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Drop off your drugs

Drug drop-off

Genaia Darragh, district manager of Shoppers Drug Mart; Colin Carrie, MP for Oshawa; Micah Wagenberg of Durham police; Kathy Henry the owner of Shoppers Drug Mart at 300 Taunton Rd; and Kim Finely, manager of the same store, take part in National Prescription Drug Drop-Off Day.

As part of the National Prescription Drug Drop-Off Day, Oshawa residents got educated on the growing problem of prescription drug misuse and abuse.

On May 9, Colin Carrie, member of parliament for Oshawa and parliamentary secretary to the Minister of the Environment, together with representatives from the Durham Regional Police Service and Shoppers Drug Mart took part and encouraged residents to drop off their expired prescription drugs.

“Prescription drugs are there to help people when they need them, but when used in the wrong way or for the wrong reasons, they can cause serious harm, including death. The Government of Canada is calling on Canadians to do their part to help, by returning unused or unwanted prescription drugs,” stated Colin Carrie in a news release.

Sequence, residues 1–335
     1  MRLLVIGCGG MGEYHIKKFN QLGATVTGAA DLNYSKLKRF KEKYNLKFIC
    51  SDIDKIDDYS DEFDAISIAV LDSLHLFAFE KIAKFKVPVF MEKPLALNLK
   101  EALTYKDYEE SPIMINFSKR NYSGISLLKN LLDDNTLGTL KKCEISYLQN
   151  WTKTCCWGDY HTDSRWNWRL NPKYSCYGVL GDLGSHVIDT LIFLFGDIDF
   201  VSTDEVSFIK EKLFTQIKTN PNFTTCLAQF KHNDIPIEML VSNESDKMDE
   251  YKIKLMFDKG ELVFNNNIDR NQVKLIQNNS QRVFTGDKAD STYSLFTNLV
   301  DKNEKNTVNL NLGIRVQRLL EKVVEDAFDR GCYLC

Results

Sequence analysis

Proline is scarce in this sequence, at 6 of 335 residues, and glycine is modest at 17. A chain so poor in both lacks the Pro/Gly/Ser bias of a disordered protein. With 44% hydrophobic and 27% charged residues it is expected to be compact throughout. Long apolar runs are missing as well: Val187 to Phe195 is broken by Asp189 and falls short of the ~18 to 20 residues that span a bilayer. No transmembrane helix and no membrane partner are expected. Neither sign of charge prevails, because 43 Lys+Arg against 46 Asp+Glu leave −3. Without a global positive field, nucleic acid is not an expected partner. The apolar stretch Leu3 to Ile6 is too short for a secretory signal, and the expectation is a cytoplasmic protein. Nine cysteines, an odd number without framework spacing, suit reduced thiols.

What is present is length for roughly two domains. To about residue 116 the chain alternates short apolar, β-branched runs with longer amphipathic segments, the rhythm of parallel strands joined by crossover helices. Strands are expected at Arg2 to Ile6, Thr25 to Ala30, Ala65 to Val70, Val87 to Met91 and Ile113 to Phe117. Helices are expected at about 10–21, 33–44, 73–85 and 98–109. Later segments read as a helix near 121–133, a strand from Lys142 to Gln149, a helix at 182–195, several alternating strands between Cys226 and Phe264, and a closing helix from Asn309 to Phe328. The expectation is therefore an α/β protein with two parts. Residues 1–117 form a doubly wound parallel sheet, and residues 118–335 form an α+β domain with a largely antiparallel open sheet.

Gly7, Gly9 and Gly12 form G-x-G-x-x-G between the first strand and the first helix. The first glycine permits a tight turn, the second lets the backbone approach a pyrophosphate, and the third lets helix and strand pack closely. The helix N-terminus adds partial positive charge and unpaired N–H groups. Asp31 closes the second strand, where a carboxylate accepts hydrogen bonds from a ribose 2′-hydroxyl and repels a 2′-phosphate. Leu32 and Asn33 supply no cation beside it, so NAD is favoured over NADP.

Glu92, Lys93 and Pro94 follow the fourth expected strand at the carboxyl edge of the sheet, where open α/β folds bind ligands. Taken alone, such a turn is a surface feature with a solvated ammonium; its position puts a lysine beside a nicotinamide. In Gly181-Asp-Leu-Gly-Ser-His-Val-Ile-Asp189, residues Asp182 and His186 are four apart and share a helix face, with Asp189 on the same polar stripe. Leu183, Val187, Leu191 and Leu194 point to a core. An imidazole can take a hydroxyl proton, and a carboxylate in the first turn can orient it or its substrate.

National Prescription Drug Drop-Off Day gives Canadians an opportunity to drop off their unused and expired prescription medication the right way – by giving it to local police and community partners at specific locations to be disposed of safely.

Unused prescription drugs can also be returned to local pharmacies for disposal all throughout the year.

The goal through this initiative is to lessen the amount of prescription drugs available for misuse as well as keep the public informed of dangerous affects of prescription drug abuse.

National Prescription Drug Drop-Off Day is part of the government’s National Anti-Drug strategy that focuses on prevention and providing access to treatment for individuals with drug dependency as well as getting tough on drug dealers and producers.

The government is investing $13.5 million over five years to create greater access to addictions support, prevention and treatment capacity for prescription drug abuse for First Nations people living on-reserve across the country. The Canadian Institutes of Health Research (CIHR) has also developed a national research network to improve the health of Canadians living with substance abuse.

According to the Canadian Association of Chiefs of Police, participating agencies recovered over 1.5 tons of prescription drugs in the 2014 Drop-Off Day.

For more information on the National Anti-Drug Strategy, visit